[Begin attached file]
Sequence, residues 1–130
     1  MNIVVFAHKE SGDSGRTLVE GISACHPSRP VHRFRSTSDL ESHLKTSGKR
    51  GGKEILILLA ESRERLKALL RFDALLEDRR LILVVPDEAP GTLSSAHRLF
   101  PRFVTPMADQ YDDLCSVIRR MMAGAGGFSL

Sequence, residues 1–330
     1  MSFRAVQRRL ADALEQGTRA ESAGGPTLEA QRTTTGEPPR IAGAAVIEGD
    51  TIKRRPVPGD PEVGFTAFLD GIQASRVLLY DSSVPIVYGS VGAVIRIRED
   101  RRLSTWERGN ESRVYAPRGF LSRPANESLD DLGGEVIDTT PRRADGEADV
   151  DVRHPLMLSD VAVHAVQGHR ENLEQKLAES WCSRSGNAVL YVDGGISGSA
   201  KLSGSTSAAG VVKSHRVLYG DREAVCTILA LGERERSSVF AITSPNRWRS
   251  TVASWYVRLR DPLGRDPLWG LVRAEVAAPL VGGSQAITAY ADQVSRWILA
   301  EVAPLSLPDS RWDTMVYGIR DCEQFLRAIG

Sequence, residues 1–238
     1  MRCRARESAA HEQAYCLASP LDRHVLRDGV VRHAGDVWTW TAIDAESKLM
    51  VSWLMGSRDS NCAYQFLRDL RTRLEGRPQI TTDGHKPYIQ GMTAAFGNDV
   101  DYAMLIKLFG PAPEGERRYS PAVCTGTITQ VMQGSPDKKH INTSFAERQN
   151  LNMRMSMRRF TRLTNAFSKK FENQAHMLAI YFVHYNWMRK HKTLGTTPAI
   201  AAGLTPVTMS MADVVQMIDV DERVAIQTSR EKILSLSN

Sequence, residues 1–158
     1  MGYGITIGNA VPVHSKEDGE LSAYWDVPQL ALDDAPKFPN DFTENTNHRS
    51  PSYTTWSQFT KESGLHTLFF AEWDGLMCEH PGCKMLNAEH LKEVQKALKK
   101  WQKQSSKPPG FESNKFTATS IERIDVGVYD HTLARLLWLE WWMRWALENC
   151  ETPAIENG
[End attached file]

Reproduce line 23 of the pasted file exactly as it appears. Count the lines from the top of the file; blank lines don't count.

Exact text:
   151  ETPAIENG